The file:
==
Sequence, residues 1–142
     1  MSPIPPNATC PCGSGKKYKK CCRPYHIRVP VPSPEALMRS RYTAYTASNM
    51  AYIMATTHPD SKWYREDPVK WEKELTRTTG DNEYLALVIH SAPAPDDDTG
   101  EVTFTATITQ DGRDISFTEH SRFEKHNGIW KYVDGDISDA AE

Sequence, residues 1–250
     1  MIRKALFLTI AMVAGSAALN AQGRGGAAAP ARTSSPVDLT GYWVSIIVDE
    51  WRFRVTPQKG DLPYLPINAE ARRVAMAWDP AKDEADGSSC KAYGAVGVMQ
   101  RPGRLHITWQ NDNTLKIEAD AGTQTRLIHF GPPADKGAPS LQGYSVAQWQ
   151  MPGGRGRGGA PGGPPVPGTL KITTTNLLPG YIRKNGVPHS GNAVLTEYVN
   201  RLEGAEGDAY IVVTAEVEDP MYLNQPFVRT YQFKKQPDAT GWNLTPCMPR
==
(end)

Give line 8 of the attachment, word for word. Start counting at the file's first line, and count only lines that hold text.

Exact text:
   101  RPGRLHITWQ NDNTLKIEAD AGTQTRLIHF GPPADKGAPS LQGYSVAQWQ